Sonja Merten, Christian Schaetti, Cele Manianga, Bruno Lapika, Claire-Lise Chaignat, Raymond Hutubessy, Mitchell G Weiss
BMC Public Health , 2013, DOI: 10.1186/1471-2458-13-60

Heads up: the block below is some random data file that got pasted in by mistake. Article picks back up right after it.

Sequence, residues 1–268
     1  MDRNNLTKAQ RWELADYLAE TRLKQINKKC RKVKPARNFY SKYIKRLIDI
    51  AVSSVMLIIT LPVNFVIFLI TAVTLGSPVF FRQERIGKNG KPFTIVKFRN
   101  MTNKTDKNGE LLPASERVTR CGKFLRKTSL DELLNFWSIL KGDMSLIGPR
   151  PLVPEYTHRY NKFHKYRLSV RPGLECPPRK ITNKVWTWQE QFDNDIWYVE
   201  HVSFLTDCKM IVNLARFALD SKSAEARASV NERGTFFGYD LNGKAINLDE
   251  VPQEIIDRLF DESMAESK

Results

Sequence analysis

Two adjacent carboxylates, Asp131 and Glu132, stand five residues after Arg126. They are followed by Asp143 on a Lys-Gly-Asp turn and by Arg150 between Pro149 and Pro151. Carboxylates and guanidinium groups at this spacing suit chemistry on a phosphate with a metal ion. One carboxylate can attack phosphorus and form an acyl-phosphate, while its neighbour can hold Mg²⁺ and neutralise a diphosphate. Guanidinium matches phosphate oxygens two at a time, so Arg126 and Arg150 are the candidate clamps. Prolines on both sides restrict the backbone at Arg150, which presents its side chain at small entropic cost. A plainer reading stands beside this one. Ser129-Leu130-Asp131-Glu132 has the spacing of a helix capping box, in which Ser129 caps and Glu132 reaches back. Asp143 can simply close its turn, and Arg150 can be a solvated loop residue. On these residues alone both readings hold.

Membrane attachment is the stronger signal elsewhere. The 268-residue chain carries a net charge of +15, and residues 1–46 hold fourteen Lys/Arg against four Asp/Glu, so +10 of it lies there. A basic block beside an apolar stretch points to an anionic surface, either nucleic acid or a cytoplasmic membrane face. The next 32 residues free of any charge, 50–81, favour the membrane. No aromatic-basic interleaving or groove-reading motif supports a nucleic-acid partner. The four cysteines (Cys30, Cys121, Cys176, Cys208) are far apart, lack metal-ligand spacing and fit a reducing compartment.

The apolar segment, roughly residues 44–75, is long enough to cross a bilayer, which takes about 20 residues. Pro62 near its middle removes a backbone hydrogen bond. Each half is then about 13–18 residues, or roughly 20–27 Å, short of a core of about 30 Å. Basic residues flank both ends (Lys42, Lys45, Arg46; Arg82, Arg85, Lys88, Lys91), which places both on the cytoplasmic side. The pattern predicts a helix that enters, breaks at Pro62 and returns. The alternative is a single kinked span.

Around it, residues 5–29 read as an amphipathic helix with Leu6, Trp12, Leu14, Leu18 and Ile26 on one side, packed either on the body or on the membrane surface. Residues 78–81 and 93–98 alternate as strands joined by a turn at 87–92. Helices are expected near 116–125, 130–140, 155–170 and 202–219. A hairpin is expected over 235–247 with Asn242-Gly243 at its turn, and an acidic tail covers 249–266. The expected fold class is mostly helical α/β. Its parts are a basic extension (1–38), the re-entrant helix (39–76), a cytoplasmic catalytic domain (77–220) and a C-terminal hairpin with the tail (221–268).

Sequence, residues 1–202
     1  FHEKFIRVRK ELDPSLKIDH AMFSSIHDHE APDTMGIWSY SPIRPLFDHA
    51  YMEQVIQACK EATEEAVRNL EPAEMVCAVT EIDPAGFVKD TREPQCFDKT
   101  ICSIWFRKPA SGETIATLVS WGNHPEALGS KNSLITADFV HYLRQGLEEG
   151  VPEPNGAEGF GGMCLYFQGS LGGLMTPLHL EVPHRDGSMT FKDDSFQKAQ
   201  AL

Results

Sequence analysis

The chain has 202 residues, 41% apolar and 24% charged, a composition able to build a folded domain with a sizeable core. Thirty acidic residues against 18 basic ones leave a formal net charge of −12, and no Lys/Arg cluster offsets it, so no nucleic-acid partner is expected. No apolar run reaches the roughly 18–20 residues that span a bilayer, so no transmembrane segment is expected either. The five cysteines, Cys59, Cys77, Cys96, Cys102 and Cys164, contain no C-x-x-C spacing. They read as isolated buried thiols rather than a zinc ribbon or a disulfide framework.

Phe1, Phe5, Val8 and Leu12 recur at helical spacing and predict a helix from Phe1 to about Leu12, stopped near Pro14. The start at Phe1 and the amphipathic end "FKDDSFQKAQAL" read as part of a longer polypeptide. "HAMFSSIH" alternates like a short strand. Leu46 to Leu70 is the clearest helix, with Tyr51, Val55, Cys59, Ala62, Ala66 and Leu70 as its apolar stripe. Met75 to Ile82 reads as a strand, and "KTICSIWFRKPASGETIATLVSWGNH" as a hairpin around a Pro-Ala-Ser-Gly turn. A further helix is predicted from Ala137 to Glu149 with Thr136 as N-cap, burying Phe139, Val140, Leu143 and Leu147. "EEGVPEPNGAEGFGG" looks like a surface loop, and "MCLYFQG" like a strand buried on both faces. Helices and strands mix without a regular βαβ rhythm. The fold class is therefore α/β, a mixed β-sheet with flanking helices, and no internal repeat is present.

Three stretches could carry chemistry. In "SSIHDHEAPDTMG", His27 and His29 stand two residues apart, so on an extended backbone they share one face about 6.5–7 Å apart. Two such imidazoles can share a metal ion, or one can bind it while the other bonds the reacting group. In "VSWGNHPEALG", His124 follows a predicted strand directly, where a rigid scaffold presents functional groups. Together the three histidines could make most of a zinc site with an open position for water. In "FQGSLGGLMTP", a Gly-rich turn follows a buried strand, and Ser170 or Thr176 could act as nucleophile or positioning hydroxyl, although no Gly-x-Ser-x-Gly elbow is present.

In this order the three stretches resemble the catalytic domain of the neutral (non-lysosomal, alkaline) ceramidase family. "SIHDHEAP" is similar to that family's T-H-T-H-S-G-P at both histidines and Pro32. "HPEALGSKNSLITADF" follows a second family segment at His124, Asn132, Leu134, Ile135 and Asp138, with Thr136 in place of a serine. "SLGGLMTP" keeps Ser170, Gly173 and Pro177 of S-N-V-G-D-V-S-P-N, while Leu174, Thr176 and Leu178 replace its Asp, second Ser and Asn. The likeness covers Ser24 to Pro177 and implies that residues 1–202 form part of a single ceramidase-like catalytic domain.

Abstract: In a cross-sectional study in Katanga province, Democratic Republic of Congo (DRC), local perceptions of cholera and anticipated acceptance of an OCV were investigated. A random sample of 360 unaffected adults from a rural town and a remote fishing island was interviewed in 2010. In-depth interviews with a purposive sample of key informants and focus-group discussions provided contextual information. Socio-cultural determinants of anticipated OCV acceptance were assessed with logistic regression.Most respondents perceived contaminated water (63%) and food (61%) as main causes of cholera. Vaccines (28%), health education (18%) and the provision of clean water (15%) were considered the most effective measures of cholera control. Anticipated acceptance reached 97% if an OCV would be provided for free. Cholera-specific knowledge of hygiene and self-help in form of praying for healing were positively associated with anticipated OCV acceptance if costs of USD 5 were assumed. Conversely, respondents who feared negative social implications of cholera were less likely to anticipate acceptance of OCVs. These fears were especially prominent among respondents who generated their income through fishing. With an increase of assumed costs to USD 10.5, fear of financial constraints was negatively associated as well.Results suggest a high motivation to use an OCV as long as it seems affordable. The needs of socially marginalized groups such as fishermen may have to be explicitly addressed when preparing for a mass vaccination campaign.